On May 26 the Travel Fund passed the magic milestone of $4000. In former times this would have been reason enough to trigger a migration movement, a Jump into a brand new life. My original plan, fleshed out in 2011, was to fly to Cambodia, which I'd discovered was the cheapest nation in the region, and then just glide around for a while, propelled by affiliate advertising. Smoke some ganja perhaps aloft the ruins of Angkor Wat, shoot pool with beer gals and gangstas, strafe the straits of Vang Vieng. Play the Indochinese dating game. That was the plan, but then I lost my AdSense, and then my world collapsed. Even if I had the money for an airline ticket, I would not have been able to board the plane. I wouldn't have even made it to the bloody airport! Confined to a box, I decided to find freedom within that box, chasing the macrocosm in the microcosm. It worked, almost too well: I regained my sanity within that straitjacket, but in the process, alas, I misplaced my wanderlust. Since that time, I have spent every single day at my parents' house, on the shore of Budgewoi Lake, on the NSW Central Coast. Every day, and every single night, held captive... well, every single night, captive, except one. And that night is the subject of this account.


Rear shot of the Bridge View Motel, at Gorokan (Australia, 2015)
The Grand Algorithm contends: when one has been in the same place too long, inertia develops. Inertia is to vagabondism, of course, what rust is to iron, or fear is to Mind... it is the Mind Killer. Right now, inertia is the habit I need to break, the momentum I must quickly reverse. Indochina is out of the question this year, I get that; Sydney is too hard, too; but soon I will have the funds and the fortitude to conquer them both, and it is vital for me to get back into shape. For this reason on June 10 I packed my tiny rucksack with pills and a Samsung tablet and leaving my Mum and Dad watching murder mysteries at their home, walked up to the Bridge View Motel situated at the end of the street. My goal was to spend the night in that motel, monitoring my anxiety, and getting a taste for the Vagabondist voyage which will presently commence. You might call it a dress rehearsal, a trial run. I was feeling kind of weird as I made my way up Malvina Parade, suffering mild separation anxiety. Contrary to expectations, this wasn't typical agoraphobia that I was down with, just run-of-the-mill scepticism. I was doubtful, in other words, about the wisdom of this whole experiment, and worried that I had made a mistake by heading out here. The ground was soggy as I walked, and grassseeds clung to my trouser legs.  At reception I purchased a room with my credit card, and was presented the key to my door. The friendly owners had assigned me a downstairs room, right on the main road, positioned just behind the swimming pool. I was a little concerned about the location, and what isolation hid behind that door. As soon as I opened the door and inhaled that classic hotel aroma, my fears faded. All of a sudden I knew that I was on a holiday, 2km from home. And I thought to myself, rejoicingly: Why have I left it so long?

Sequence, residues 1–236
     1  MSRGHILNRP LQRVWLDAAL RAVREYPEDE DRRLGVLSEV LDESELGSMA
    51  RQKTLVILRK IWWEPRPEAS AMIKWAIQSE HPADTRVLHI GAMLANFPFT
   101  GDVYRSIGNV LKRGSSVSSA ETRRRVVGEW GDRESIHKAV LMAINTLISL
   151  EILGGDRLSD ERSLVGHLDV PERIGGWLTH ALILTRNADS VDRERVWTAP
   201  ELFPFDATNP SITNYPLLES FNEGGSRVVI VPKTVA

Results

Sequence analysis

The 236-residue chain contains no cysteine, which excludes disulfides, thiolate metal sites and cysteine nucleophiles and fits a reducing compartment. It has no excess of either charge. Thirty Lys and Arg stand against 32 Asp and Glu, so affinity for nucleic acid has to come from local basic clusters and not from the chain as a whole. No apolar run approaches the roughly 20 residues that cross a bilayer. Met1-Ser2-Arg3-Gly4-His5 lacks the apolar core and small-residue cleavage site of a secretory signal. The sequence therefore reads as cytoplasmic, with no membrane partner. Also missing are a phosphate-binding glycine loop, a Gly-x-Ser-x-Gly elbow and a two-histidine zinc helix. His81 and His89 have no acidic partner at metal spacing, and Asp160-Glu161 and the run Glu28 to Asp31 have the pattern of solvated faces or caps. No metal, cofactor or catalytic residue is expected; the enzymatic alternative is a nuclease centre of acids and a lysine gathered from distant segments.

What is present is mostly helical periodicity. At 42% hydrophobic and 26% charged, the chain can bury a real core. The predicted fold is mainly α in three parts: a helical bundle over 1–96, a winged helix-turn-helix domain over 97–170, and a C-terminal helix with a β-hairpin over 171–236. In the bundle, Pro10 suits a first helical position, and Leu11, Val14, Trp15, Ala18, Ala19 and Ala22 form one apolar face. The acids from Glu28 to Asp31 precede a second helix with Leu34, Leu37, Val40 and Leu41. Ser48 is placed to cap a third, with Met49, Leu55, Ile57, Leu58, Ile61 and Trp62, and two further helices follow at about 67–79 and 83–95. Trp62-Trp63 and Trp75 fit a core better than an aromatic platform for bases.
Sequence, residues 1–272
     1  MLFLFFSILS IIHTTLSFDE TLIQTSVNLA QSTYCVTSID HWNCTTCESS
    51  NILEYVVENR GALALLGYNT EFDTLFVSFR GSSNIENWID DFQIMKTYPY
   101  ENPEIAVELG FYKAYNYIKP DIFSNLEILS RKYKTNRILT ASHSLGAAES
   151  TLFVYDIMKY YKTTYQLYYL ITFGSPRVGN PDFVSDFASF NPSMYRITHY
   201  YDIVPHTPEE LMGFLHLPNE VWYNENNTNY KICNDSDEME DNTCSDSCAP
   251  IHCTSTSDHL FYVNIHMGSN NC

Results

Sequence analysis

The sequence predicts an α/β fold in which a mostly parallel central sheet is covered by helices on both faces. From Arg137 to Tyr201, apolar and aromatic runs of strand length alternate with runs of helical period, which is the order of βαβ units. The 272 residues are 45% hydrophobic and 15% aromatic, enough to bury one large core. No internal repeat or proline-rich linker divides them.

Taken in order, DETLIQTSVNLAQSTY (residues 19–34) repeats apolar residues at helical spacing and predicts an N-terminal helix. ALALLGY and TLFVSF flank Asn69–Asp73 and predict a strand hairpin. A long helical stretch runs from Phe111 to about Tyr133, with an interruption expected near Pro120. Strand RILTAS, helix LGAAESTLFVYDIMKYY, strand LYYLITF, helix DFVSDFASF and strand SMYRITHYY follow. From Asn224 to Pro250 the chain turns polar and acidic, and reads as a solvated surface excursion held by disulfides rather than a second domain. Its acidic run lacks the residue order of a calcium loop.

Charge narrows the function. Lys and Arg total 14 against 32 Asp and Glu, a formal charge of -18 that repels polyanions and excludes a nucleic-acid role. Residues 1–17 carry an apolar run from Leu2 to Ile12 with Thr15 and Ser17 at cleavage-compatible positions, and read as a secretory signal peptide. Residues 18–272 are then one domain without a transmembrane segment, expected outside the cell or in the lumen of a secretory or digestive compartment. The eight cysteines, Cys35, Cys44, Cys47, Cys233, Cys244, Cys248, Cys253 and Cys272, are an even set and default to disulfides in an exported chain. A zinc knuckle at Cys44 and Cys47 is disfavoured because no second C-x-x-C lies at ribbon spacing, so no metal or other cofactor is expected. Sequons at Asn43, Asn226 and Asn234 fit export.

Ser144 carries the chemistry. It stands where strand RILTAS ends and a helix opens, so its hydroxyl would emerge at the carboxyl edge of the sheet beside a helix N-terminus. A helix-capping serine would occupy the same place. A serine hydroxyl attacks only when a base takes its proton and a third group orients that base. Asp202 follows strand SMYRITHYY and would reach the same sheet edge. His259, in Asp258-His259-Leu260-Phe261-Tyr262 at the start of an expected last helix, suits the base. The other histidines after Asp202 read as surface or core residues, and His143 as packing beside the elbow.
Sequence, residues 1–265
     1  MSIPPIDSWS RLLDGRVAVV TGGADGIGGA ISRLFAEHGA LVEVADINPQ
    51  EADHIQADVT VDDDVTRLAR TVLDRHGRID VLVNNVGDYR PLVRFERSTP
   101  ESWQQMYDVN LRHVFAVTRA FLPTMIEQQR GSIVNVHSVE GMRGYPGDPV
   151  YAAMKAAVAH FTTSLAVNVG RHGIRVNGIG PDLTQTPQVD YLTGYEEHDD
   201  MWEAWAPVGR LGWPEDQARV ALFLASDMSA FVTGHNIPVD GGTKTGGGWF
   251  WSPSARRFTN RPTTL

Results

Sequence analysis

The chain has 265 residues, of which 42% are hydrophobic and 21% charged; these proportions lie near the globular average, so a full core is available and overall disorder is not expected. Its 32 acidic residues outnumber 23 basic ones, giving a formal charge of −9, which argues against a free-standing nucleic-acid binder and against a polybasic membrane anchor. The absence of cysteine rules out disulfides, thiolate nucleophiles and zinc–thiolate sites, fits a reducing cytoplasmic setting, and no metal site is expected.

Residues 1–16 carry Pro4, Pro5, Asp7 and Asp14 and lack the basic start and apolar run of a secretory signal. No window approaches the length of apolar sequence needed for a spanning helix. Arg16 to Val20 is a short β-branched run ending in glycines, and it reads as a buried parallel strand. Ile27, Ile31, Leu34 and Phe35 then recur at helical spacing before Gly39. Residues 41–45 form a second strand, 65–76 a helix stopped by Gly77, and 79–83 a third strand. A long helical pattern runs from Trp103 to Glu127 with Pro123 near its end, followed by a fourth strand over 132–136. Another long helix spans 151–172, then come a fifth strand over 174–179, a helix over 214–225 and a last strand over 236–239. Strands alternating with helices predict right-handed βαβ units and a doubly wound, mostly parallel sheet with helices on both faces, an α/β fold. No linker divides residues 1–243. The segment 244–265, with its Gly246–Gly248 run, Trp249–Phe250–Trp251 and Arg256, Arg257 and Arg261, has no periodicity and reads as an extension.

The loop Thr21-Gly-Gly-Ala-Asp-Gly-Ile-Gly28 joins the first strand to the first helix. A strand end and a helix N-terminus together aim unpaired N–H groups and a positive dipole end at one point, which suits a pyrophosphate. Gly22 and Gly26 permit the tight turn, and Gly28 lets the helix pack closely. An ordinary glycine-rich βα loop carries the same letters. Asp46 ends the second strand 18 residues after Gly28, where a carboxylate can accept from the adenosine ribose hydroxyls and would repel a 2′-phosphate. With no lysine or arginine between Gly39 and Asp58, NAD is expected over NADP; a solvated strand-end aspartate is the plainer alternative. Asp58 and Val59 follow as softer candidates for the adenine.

Plenty of room to stretch out in my cosy space (Australia, 2015)
There was a Bible by the bedside, little bars of soap in the bathroom, and soft pillows on the bed.


Too cold for a swim just yet, but the view looks nice (Australia, 2015)
There was a dead cockroach in the corner but, hey, that was better than a live one.


Freedom in the box: Stan Grant interviews Dr Cornel West, famous dissident, on Awaken, NITV (Australia, 2015)
After settling myself in and taking a short nap, I strolled over the road to drink a few beers at Wallarah Bay Recreation Club, our local establishment. I had some overpriced carbonara, then retreated "home", to consume a few beers more, in the freedom of my hotel room. I pumped up the aircon, and flicked through the channels on the TV. It felt refreshingly cool to be in control, setting the agenda, instead of being hostage to my Mum and Dad's viewing habits. Sadly, the cable library promised at the Bridge View did not prove to be as extensive as I had expected. It basically consisted of two sports channels featuring badminton and the like, and two lame movie channels. Free-to-air NITV turned out to be the best thing on. I watched some program about land rights in South Australia, an Aboriginal graveyard being excavated to make way for the railway. Observing this documentary, I felt distressingly aware of the size of this land, the huge continent I am fated soon to cross.

But do I have the guts to actually cross it?